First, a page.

• Dessert – Dessert (/dɪˈzɜːrt/) is a course that concludes a meal. The course consists of sweet foods, such as confections, and possibly a beverage such as dessert wine and liqueur. In some parts of the world, such as much of Central Africa and West Africa, and most parts of China, there is no tradition of a dessert course to conclude a meal.The term dessert can apply to many confections, such as biscuits, cakes, cookies, custards, gelatins, ice creams, pastries, pies, puddings, macaroons, sweet soups, tarts and fruit salad. Fruit is also commonly found in dessert courses because of its naturally occurring sweetness. Some cultures sweeten foods that are more commonly savory to create desserts.
  • Fruit Dessert Recipes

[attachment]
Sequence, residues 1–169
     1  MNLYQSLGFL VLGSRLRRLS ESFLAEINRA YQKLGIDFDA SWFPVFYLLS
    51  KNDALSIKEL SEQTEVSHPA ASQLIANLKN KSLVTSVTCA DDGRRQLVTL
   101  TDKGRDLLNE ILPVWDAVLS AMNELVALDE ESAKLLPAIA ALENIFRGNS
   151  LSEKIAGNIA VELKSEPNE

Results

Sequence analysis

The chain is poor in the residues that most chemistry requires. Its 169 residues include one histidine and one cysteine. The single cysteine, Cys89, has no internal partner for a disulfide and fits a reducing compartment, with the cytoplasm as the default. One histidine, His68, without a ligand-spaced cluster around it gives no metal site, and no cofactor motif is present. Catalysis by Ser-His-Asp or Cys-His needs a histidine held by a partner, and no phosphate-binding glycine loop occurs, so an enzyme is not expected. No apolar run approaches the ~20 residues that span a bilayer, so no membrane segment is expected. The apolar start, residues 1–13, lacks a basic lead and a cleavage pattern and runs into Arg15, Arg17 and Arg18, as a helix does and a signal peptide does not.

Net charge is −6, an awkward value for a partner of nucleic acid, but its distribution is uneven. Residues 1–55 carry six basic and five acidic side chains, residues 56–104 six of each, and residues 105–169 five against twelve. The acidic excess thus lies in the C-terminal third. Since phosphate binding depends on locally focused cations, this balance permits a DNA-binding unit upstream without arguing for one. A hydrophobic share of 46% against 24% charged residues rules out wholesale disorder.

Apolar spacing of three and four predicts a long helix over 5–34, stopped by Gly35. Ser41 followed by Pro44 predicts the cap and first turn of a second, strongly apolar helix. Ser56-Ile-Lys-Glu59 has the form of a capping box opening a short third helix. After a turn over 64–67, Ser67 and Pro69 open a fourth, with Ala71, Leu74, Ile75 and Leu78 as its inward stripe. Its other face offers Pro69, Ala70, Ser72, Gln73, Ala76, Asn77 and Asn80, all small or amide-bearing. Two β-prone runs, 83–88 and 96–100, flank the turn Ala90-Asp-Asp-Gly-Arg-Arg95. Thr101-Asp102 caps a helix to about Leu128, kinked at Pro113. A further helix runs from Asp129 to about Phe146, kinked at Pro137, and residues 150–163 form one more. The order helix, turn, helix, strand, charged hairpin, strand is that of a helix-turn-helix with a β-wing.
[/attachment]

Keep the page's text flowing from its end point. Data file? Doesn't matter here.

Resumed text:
• Fruit – In botany, a fruit is the seed-bearing structure in flowering plants that is formed from the ovary after flowering.Fruits are the means by which flowering plants (also known as angiosperms) disseminate their seeds. Edible fruits in particular have long propagated using the movements of humans and animals in a symbiotic relationship that is the means for seed dispersal for the one group and nutrition for the other; in fact, humans and many animals have become dependent on fruits as a source of food. Consequently, fruits account for a substantial fraction of the world’s agricultural output, and some (such as the apple and the pomegranate) have acquired extensive cultural and symbolic meanings.In common language usage, “fruit” normally means the fleshy seed-associated structures (or produce) of plants that typically are sweet or sour and edible in the raw state, such as apples, bananas, grapes, lemons, oranges, and strawberries. In botanical usage, the term “fruit” also includes many structures that are not commonly called “fruits”, such as nuts, bean pods, corn kernels, tomatoes, and wheat grains.